India has around 70 million people with a disability. Yet most of the population doesn’t consider what that means for them as individuals and for the country as a whole. The major barrier facing physically disabled people continues to be stereotype assumptions about their abilities. This has resulted in far too few physically disabled people integrating, studying or working in Indian society.
“Never ignore somebody with a disability; you don’t realise how much they can inspire you.” – Anonymous
Despite being one of the fastest-growing economies in the world, India still suffers from poor attitudes and prejudice against those with disabilities. Even worse, ideas that disability is karma-related or a curse from God are still prevalent. These notions fuel bad behaviour towards disabled citizens, extending to intolerance at key events such as childbirth and weddings. The extent of prejudice often depends on the type and severity of the condition. Conversely, with numerous cultures of religion, belief and superstition continuing across India, many saw the plight of Lakshmi Tatma, who was born with eight limbs, as a reincarnation of the Hindu Goddess after which she was named. This demonstrates a widespread problem within the population. Indiability sees this as a matter of national shame.
Disabled people face many social challenges throughout their lives, including levels of independence, educational and employment opportunities, mobility problems and discrimination. However, having a physical impairment is not the end of the world. Disabled people have proven abilities, can still earn a decent income and deserve equal opportunities in all aspects of life. Support from family, friends and the community is essential to help them integrate into the mainstream and be accepted for who they are.
“Disability is a matter of perception. If you can do just one thing well, you’re needed by someone.” – Martina Navratilova (Former World No. 1 Women Tennis Player)
Through better understanding, things are changing slowly in India and people are becoming more sensitive to their fellow citizens. Around the beginning of the new millennium, official attitudes changed. However, more must be done to create a better understanding of the potential of everyone in our society, including those with disabilities.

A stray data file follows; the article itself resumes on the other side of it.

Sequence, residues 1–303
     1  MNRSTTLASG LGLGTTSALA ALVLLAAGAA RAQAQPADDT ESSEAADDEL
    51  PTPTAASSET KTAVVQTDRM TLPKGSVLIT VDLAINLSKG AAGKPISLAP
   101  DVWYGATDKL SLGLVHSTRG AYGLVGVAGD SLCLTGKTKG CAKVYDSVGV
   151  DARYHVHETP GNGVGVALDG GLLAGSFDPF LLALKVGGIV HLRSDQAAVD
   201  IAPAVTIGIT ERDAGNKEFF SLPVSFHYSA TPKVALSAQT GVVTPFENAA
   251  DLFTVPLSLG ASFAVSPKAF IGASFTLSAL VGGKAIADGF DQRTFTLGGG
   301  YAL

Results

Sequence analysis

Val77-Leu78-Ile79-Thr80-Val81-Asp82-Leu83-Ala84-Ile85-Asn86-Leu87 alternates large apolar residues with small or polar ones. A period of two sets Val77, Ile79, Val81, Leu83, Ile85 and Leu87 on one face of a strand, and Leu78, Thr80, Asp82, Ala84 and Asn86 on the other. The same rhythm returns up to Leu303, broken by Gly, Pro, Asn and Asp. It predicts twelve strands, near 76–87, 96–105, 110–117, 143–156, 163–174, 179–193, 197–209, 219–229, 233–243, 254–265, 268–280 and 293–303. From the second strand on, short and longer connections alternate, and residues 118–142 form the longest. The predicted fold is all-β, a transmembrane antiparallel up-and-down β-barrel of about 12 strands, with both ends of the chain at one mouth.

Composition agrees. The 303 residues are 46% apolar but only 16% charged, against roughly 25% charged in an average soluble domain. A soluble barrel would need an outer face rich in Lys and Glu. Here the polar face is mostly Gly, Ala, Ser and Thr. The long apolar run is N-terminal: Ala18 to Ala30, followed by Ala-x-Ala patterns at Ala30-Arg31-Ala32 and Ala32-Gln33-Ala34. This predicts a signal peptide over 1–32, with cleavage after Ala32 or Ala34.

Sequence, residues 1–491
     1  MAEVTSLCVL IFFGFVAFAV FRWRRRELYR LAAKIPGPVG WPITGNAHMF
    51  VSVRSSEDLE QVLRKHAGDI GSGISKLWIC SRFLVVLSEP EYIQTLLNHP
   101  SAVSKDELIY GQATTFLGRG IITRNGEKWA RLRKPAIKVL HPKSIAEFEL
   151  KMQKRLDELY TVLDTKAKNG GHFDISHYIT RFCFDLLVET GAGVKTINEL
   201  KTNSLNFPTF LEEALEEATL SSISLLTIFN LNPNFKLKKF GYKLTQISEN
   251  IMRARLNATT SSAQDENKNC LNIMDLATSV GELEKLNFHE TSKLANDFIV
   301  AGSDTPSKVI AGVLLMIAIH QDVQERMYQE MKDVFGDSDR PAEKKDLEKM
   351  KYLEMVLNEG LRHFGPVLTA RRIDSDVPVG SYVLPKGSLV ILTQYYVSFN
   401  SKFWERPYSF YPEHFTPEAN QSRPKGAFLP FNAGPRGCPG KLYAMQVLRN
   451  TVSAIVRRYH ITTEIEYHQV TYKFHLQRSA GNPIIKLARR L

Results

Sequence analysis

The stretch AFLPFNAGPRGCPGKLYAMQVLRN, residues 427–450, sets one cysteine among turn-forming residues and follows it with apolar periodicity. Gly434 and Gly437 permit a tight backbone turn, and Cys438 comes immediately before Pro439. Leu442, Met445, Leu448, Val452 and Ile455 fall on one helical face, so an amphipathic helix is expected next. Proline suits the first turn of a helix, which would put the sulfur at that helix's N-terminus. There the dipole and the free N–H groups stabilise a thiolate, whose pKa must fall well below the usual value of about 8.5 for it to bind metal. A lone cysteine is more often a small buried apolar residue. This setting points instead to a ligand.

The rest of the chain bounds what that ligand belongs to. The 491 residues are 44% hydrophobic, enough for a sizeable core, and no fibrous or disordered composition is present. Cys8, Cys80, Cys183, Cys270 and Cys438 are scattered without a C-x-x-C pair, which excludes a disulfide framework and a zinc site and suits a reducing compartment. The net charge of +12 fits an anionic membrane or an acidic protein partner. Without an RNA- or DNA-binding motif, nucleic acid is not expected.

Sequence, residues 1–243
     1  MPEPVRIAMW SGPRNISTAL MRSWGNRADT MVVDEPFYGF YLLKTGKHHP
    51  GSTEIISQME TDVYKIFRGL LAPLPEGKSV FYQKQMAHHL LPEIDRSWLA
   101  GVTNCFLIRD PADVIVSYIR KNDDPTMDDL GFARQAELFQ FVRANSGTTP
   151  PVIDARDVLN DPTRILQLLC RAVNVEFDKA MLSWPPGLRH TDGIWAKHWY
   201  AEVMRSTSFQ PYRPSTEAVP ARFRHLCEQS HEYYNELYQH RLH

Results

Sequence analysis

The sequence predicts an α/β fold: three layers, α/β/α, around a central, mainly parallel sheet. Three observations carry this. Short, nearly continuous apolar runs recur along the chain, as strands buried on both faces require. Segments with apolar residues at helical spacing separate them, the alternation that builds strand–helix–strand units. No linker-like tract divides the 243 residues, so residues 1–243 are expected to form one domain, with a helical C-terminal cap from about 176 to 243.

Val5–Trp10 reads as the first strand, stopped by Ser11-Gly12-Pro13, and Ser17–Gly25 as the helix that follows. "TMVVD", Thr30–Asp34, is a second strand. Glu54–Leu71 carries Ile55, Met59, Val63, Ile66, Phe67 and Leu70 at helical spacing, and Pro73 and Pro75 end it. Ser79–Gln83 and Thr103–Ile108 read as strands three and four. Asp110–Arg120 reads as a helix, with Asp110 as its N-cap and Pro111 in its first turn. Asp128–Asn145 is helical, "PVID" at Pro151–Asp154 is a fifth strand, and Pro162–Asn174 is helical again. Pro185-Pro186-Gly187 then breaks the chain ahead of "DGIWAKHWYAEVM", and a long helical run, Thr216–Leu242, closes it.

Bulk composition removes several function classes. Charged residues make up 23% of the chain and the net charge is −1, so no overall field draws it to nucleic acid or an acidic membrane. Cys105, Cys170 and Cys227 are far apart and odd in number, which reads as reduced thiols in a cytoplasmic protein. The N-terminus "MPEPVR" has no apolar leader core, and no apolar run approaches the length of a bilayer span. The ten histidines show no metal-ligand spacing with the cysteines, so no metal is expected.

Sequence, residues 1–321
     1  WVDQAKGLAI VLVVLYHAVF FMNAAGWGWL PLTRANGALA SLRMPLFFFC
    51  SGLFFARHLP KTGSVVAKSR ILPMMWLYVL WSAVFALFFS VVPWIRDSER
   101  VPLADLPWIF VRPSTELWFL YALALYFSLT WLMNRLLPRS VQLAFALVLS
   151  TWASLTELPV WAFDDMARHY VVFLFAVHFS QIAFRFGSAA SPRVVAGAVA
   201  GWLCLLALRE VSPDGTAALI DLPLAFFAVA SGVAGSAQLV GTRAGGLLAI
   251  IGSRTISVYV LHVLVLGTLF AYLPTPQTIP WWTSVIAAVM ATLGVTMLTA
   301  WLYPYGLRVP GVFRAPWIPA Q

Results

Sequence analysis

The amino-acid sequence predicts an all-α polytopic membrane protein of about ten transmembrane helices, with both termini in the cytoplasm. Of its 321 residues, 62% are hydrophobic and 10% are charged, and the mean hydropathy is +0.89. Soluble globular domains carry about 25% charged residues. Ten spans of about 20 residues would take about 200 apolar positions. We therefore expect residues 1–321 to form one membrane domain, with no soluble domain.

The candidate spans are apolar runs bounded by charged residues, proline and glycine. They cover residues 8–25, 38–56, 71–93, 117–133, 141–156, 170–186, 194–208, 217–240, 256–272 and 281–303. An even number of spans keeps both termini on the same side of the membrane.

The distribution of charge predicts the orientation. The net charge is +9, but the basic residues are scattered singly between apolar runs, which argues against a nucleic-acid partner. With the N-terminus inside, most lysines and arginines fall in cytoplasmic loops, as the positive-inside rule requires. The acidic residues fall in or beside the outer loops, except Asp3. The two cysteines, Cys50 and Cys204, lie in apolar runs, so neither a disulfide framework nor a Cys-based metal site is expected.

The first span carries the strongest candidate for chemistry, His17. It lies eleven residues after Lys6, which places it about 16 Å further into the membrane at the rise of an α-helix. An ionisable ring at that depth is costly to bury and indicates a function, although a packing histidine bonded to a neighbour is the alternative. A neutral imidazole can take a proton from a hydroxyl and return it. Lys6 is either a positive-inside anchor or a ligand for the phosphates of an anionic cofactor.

Trying to understand disability can be confusing. Definitions can be misleading and lead to labels, creating more harm than good. Some include terms for severely, or registered disabled people such as The Disability Discrimination Act (UK) which needs to facilitate support to only those who qualify.Only 13% of the disabled population in India would be classified as severely disabled. The majority of individuals classified as disabled are affected by conditions that are largely non-limiting and in the developed world would not be an obstacle to their full participation and success in society. But in India ANY disability or limitation can be dehabilitating.
“I choose not to place ‘DIS’ in my ability.” – Robert M. Hensel (Guinness World-Record Holder)
Indiability is striving for better awareness and understanding of disability amongst both disabled and able-bodied people. We want to make a nationwide impact at community and corporate level by sharing information and holding demonstrations. We aim to change society’s attitudes to inspire greater tolerance, and to encourage workplaces and public services to include people with disabilities.
– Robert M. Hensel (Guinness World-Record Holder)